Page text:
In [17] we studied the following problem: Given genomes {S}_{\mathsf{\text{1}}},\phantom{\rule{2.77695pt}{0ex}}.\phantom{\rule{2.77695pt}{0ex}}.\phantom{\rule{2.77695pt}{0ex}}.,\phantom{\rule{2.77695pt}{0ex}}{S}_{k} and parameters s,\delta ,{k}^{\prime}, find all reference gene clusters C\subseteq \mathrm{\Sigma} in {S}_{\mathsf{\text{1}}},\phantom{\rule{2.77695pt}{0ex}}.\phantom{\rule{2.77695pt}{0ex}}.\phantom{\rule{2.77695pt}{0ex}}.\phantom{\rule{2.77695pt}{0ex}},{S}_{k}, and for each reference gene cluster, output all its optimal \delta \text{-}\mathsf{\text{locations}}\mathsf{\text{.}} (A \delta \text{-}\mathsf{\text{location}} is not optimal if it is a subinterval of a \delta \text{-}\mathsf{\text{location}} that has a smaller distance to C.) We introduced an efficient algorithm that runs in O\left({k}^{\mathsf{\text{2}}}{n}^{\mathsf{\text{2}}}{\delta}^{\mathsf{\text{2}}}+{k}^{\mathsf{\text{2}}}{n}^{\mathsf{\text{2}}}\right) time using O\left(k{n}^{\mathsf{\text{2}}}\right) space, where \phantom{\rule{0.1em}{0ex}}n is the length of the largest genome [17]. The algorithm is exact, meaning that it is guaranteed to find all reference gene clusters and their optimal occurrences as specified by the search parameters.

The above definitions do not take into account multi-chromosomal genomes, or genomes that were not completely assembled and still consist of several contigs. However, it is simple to extend these definitions, as well as the remainder of this paper, to the multi-chromosomal or multi-contig case. For example, we may assume that the different chromosomes/contigs of one genome are concatenated in a single string, separated by symbols \$\notin \mathrm{\Sigma}. We can then assume that neither a gene cluster nor an interval is allowed to contain the character \$. Further details will be omitted, aside from saying that some of the complexity bounds mentioned below actually improve for multi-chromosomal and multi-contig genomes.

### Significance of a gene cluster for one genome

In this section we estimate the probability of a fixed gene cluster C\subseteq \mathrm{\Sigma} having a \phantom{\rule{0.1em}{0ex}}\delta-location in a random genome S of length n, i. e. the p-value of finding an occurrence of C in genome S:

In the following we assume that \delta \le \phantom{\rule{2.77695pt}{0ex}}\left|C\right|-2 holds. Otherwise the p-value is equal to one whenever C\cap \mathcal{C}\mathcal{S}\left(S\right)\ne \varnothing , and zero otherwise. Let p\left(L,d\right)=p\left(L,d,C\right) be the probability that a random occurrence of length L has a symmetric set distance *exactly* d to C. Let q\left(L,\delta \right)=q\left(L,\delta ,C\right) be the probability that it has a symmetric set distance of *at most* \delta . Note that p\left(L,d\right) and q\left(L,\delta \right) depend on the cluster C; in the following, our notations omit this dependency for the sake of readability. Then, q\left(L,\delta \right)={\sum}_{d=0}^{\delta}p\left(L,d\right). To simplify our computation, we assume that occurrence probabilities are independent for all intervals [*a*, *b*] where 1\le a\le b\le n. Clearly, this assumption is not correct: Let \phantom{\rule{0.1em}{0ex}}A be the event that interval \left[i,j\right] forms a \delta \text{-}\mathsf{\text{location}} of C, and let B be the event that interval \left[i,j+\mathsf{\text{1}}\right] forms a \delta-location of C. The fact that the intervals share all positions but one creates a number of non-trivial dependencies. In case S\left[j+1\right]\in \mathcal{C}\mathcal{S}\left(S\left[i,j\right]\right), the two events are either both true or both false. When the distance between \mathcal{C}\mathcal{S}\left(S\left[i,j\right]\right) and C is smaller than \delta ,\phantom{\rule{0.1em}{0ex}}p\left(B|A\right)=1, and vice versa. Such dependencies apply not only to \left[i,j\right] and \left[i,j+\mathsf{\text{1}}\right], but to all intersecting interval pairs. However, we will show later on that the p-values computed under this assumption are very close to the true p-values, for any realistic choices of parameters. We estimate the p-value for a single genome as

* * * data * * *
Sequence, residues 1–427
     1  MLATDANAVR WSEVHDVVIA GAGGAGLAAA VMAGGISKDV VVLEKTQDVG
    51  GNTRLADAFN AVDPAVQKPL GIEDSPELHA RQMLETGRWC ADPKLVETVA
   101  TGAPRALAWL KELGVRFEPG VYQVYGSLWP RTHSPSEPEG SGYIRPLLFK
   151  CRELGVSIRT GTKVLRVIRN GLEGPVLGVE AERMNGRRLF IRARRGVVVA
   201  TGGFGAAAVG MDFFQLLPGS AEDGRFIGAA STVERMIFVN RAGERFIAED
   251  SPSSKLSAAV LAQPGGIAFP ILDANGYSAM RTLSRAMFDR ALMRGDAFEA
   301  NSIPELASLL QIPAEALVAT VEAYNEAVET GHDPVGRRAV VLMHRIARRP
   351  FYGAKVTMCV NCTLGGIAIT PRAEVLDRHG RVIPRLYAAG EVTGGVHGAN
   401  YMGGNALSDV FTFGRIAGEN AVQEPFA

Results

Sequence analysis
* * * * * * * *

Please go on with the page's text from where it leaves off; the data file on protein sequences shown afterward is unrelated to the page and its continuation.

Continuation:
To minimize the effects of rounding error accumulation, we instead compute

which can be calculated with high accuracy, using mathematical library functions for f\left(x\right):=\mathsf{\text{exp(}}x\mathsf{\text{)}}-\mathsf{\text{1}} and g\left(x\right):=\mathsf{\text{log(}}x+\mathsf{\text{1)}}.

#### Exact computation using dynamic programming

We need to compute p\left(L,\phantom{\rule{2.77695pt}{0ex}}d\right), the probability that the character set of a random interval of length \phantom{\rule{0.1em}{0ex}}L has a symmetric set distance \phantom{\rule{0.1em}{0ex}}d to a given (fixed) gene cluster C, for all L and d\le \delta. Let {S}_{L} be a random string of length L, and let \mathbb{P}\left(c\right) denote the probability of character c\in \mathrm{\Sigma} for any position of the random string. For a sub-alphabet {\mathrm{\Sigma}}^{\prime}\subseteq \mathrm{\Sigma}, set \mathbb{P}\left(\mathrm{\Sigma}\prime \right):=\sum _{c\in \mathrm{\Sigma}\prime}\mathbb{P}\left(c\right). The distance \phantom{\rule{0.1em}{0ex}}d between \phantom{\rule{0.1em}{0ex}}C and \mathcal{C}\mathcal{S}\phantom{\rule{2.77695pt}{0ex}}\left({S}_{L}\right) can be partitioned as d={d}_{-}+{d}_{+}: Here, {d}_{-} is the number of characters from C that are *missing* in {S}_{L}, and {d}_{+} is the number of *additional* characters in \mathcal{C}\mathcal{S}\left({S}_{L}\right). Consequently, we can partition the positions in {S}_{L} into two types: those positions containing characters from C, and those positions containing characters from \stackrel{\u0304}{C}:=\sum \phantom{\rule{0.3em}{0ex}}-\phantom{\rule{0.3em}{0ex}}C. Assume that l positions of {S}_{L} are occupied by characters from C, 0\le l\le L, and that L-\phantom{\rule{2.77695pt}{0ex}}l positions are occupied by characters from \stackrel{\u0304}{C}. We calculate